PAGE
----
Gary Johnson, Bill Weld lay out Libertarian political agenda

2016 Libertarian presidential nominee former Gov. Gary Johnson (R-NM) and 2016 Libertarian vice-presidential nominee former Gov. Bill Weld (R-MA) discuss their Libertarian political agenda.

Gary Johnson: Most Americans Are Libertarian, They Just Don't Know It

By Election

Former Governors Gary Johnson and Bill Weld of New Mexico and Massachusetts, respectively, are looking to shake up the 2016 presidential election.

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The duo, both two-term Republican governors, are running on the Libertarian Party ticket in hopes of taking advantage of the latest “outsider candidate” trend among many U.S. voters.

“We wouldn’t be doing this if there weren’t the opportunity to actually win the White House,” Johnson told the FOX Business Network’s Connell McShane.

Both Johnson and Weld said one of the most important factors to having a successful bid is involvement in the presidential debates.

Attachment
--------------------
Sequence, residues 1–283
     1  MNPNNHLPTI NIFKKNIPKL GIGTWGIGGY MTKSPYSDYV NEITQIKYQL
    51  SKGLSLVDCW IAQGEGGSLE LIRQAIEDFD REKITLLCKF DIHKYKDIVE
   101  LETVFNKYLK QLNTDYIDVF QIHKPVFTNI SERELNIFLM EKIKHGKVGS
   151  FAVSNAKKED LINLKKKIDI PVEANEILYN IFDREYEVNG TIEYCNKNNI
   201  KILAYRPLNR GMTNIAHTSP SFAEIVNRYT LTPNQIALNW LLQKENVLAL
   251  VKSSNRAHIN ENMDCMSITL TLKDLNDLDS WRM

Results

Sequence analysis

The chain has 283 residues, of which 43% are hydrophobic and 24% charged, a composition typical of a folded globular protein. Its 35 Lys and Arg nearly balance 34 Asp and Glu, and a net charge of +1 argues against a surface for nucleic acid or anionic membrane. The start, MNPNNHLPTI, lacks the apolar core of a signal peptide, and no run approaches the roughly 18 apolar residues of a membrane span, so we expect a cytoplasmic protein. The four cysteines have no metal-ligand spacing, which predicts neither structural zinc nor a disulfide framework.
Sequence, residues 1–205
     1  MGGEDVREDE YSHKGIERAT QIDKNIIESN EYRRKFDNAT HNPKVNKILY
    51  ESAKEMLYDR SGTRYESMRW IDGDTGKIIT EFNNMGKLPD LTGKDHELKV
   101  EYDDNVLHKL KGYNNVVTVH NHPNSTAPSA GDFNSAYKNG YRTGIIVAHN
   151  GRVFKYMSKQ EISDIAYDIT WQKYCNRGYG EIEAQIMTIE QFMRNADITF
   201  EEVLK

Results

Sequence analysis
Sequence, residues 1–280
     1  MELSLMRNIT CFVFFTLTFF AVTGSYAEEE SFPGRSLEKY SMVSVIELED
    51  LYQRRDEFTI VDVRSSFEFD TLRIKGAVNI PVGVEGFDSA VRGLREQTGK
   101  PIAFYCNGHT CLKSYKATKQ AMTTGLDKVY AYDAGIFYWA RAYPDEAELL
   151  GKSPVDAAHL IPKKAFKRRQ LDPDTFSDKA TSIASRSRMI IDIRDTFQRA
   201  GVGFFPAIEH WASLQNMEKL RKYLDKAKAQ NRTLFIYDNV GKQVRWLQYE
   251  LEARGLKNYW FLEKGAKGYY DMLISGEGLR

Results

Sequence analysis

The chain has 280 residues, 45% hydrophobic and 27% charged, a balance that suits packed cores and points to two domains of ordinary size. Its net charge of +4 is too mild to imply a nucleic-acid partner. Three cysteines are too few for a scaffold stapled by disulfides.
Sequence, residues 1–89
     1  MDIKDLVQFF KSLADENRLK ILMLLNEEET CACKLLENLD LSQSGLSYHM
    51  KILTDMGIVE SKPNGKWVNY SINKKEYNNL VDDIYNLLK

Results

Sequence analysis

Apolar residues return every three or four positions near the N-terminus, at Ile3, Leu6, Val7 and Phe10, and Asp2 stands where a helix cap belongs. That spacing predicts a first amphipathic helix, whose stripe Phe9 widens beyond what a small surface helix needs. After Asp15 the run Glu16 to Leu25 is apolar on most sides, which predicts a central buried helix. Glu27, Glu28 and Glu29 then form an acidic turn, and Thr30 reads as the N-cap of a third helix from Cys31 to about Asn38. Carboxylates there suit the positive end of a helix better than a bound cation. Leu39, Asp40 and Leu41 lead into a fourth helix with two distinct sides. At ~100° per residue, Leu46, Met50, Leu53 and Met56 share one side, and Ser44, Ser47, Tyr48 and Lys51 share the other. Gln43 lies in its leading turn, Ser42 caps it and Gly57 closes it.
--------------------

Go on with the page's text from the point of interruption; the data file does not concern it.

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“If we get in the debates and show well, the polls show that between 40 and 55% of the American public agrees with our sense of the issues,” Weld said. “What we’re up against is a duopoly, the entrenched position of the two parties—they’re not going to go quietly.”

If reaching the minimum of 15%, the amount needed to be included in the debates, Johnson said he and Weld would not attack either candidate, but would instead acknowledge that they agree with both on certain issues.

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However, the former New Mexico governor, presuming Clinton and Trump would be the other candidates, explained where he differs from the two.

“Hillary, at the end of the day, isn’t that going to be about bigger government? Isn’t that going to be about more taxes? At the end of the day with regard to Trump—deporting 11 million illegal immigrants, building a fence across the border, killing the families of Muslim terrorists, bringing back waterboarding or worse… ‘I’m all for free market but I’m going to force Apple to make their iPads and their iPhones in the United States’… I think we’re 180 degrees on all those topics,” he said.

Weld said even if they don’t take the White House, they can still win in other ways.

“[If we] drive the Republicans to the left on social policies and drive the Democrats into being somewhat more fiscally responsible, that’s not chopped liver,” Weld said.

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